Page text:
The dozens of pre-prepared puzzles can be fiendish enough in themselves, but the option of dragging modifier icons on to tiles, changing the pattern with which they flip, enables high scores just as surely as it does enormous headaches. [June 2007, p.92]
    • Edge Magazine
    • 64 Metascore
    • 50 Critic Score
    A hastily assembled three-in-one anachronism which proves just one thing: that terrifying and terrible are not mutually exclusive. [Apr 2010, p.93]
    • Edge Magazine
    • 58 Metascore
    • 50 Critic Score
    As interesting as exploring the island can be, it's painfully hard to get anywhere without being forced to repeat chores that are just plain boring. [May 2007, p.93]
    • Edge Magazine
    • 49 Metascore
    • 50 Critic Score
    A few hairy moments in, and any attempt to get back under your skin is redundant. Mostly this is because the game's resident evil is largely incapable of harming you, and any sense of jeopardy is lost. [Apr 2010, p.97]
    • Edge Magazine
    • 81 Metascore
    • 50 Critic Score
    It’s not necessarily badly constructed, but in many ways it is badly intentioned, failing not just because of its conga-line of racial and sexual clichés, but because of the way it makes it a little bit easier to criticise videogaming as a hollow and sadistic pursuit. [Dec 2008, p.91]
    • Edge Magazine
    • 75 Metascore
    • 50 Critic Score
    As with Sony’s other long-awaited exclusives, Lair and Heavenly Sword, Folklore pulls its punches, and the romance of its vision ultimately all but vanishes in a puff of fairy dust. [Dec 2007, p.88]
    • Edge Magazine
    • 75 Metascore
    • 50 Critic Score
    There's a prevalent fashion at the moment for games to contain a multitude of games styles, a presumption that suggests consumers have become bored of single genre games. But Rogue Squadron III exposes the lie. It's a game that tries too hard to do many things, but only manages to do a few of them well. [Dec 2003, p.92]
    • Edge Magazine
    • 75 Metascore
    • 50 Critic Score
    Despite the game's uncluttered arenas, the camera regularly manages to find a way to flip out and point you in the wrong direction. [Dec 2009, p.101]
    • Edge Magazine
    • 78 Metascore
    • 50 Critic Score
    Encounters feel needlessly protracted - born of a stubborn refusal to admit the game's fundamental lack of content. The layout of scenery predetermines your every gambit before enemies blithely meander into your squad's unlimited gunfire. [Apr 2005, p.101]
    • Edge Magazine
    • 77 Metascore
    • 50 Critic Score
    Gun
    Why roam freely (when the game lets you, which is by no means always) when all that's out there to find is an empty trek between jarring episodes of production-line gaming? [Christmas 2005, p.105]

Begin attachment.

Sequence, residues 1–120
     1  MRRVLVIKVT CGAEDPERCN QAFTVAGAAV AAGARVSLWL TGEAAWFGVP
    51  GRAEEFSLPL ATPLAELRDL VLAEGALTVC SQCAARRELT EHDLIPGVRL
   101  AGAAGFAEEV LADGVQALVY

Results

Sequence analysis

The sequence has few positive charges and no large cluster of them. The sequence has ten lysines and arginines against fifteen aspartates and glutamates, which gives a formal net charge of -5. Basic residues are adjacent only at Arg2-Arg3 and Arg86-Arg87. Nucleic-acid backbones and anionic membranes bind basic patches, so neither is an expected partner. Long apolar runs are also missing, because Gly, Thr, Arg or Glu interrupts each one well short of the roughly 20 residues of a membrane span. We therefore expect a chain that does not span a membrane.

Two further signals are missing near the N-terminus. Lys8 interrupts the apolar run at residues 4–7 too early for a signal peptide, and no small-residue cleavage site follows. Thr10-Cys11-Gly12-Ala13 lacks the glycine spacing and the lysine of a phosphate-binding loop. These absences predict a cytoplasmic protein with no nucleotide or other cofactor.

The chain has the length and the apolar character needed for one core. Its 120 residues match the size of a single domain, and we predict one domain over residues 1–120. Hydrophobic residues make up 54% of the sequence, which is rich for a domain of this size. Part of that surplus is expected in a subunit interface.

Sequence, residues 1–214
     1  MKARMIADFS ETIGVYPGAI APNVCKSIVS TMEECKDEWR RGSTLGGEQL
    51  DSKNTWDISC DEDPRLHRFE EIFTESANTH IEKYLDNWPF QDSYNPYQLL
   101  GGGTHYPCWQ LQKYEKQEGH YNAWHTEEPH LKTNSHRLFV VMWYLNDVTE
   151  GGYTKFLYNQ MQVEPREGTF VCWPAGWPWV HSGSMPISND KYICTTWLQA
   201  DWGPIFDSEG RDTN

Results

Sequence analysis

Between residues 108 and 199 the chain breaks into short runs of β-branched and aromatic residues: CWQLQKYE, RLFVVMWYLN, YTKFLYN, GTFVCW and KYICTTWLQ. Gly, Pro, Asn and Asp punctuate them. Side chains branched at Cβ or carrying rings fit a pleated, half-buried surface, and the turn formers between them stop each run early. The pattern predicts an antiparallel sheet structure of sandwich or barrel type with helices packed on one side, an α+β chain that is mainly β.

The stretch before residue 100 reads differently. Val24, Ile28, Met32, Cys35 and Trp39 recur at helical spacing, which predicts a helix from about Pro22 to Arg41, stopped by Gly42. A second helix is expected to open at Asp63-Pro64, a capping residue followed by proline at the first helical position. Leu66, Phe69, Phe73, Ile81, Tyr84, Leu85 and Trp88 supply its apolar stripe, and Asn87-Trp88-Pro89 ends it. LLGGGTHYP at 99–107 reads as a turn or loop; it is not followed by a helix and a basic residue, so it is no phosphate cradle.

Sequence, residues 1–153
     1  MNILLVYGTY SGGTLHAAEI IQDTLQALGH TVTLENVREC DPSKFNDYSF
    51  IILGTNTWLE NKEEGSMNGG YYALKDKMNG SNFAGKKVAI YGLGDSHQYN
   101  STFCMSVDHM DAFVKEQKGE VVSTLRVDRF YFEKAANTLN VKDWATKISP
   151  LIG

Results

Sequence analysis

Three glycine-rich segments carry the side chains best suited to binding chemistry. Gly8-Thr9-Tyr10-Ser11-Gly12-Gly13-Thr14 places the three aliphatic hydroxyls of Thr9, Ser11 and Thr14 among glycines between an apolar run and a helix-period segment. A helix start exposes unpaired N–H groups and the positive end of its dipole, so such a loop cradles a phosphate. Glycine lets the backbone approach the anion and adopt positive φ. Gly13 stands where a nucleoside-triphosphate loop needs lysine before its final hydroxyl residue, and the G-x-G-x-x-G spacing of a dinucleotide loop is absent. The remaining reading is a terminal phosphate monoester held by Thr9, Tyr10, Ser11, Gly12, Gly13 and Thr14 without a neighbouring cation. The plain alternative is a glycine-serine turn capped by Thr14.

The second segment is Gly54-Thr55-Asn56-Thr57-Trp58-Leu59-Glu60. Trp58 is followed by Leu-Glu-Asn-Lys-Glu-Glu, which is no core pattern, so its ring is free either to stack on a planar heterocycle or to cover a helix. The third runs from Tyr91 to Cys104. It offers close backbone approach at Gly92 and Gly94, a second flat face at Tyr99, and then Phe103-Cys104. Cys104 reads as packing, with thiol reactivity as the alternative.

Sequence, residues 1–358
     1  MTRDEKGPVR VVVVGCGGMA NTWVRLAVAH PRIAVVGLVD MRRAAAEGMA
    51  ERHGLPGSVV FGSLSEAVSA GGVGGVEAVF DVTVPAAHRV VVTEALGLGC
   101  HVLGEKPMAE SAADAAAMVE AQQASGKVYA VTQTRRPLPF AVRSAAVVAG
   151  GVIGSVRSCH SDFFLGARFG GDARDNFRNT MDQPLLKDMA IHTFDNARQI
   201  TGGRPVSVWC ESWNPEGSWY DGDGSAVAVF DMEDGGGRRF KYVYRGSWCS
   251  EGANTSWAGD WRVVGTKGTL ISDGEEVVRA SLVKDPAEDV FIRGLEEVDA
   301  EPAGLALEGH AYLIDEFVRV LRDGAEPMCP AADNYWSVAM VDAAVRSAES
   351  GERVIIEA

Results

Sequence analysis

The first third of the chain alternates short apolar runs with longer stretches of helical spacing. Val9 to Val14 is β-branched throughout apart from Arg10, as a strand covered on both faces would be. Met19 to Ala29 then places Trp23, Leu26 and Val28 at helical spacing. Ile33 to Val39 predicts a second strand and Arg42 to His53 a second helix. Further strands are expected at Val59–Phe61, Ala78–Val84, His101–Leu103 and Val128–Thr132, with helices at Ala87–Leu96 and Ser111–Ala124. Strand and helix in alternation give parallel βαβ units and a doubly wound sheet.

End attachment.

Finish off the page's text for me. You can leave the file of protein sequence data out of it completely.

• Edge Magazine
    • 65 Metascore
    • 50 Critic Score
    There’s no sophistication, subtlety or real inspiration in the design. It might have Craig’s likeness, but this Bond is more like Connery’s, a thug in a dinner jacket. [Christmas 2008, p.94]
    • Edge Magazine
    • 64 Metascore
    • 50 Critic Score
    Tiberian Twilight finds the series at a crossroads, with its glory days gone and its future uncertain. [May 2010, p.100]
    • Edge Magazine
    • 64 Metascore
    • 50 Critic Score
    As chaotic and unrefined as it is, however, it motors on with a definite sense of purpose and provides a solid sense of fulfilment, if not necessarily one of accomplishment. [Christmas 2005, p.110]
    • Edge Magazine
    • 72 Metascore
    • 50 Critic Score
    At a time when science fiction has never been handled with more vim and vigour, Star Ocean threatens to miss out on all the fun of the genre resurgence through its total lack of ambition. [June 2009, p.92]
    • Edge Magazine
    • 66 Metascore
    • 50 Critic Score
    As a sideline between sessions with meatier games it's generally right on target. [Sept 2006, p.88]
    • Edge Magazine
    • 59 Metascore
    • 50 Critic Score
    If Headhunter's controls were as coherent as its looks, it could've made for one of the greatest action-adventure games of recent times. Instead, we're left with a clunky shooting gallery that is, in parts, a likeable gunfighting game. [Oct 2004, p.109]
    • Edge Magazine
    • 65 Metascore
    • 50 Critic Score
    While not doing anything particularly innovative Gun Survivor 4 is frenetic, fun and supremely challenging on its 'extreme difficulty' setting. [May 2003, p.103]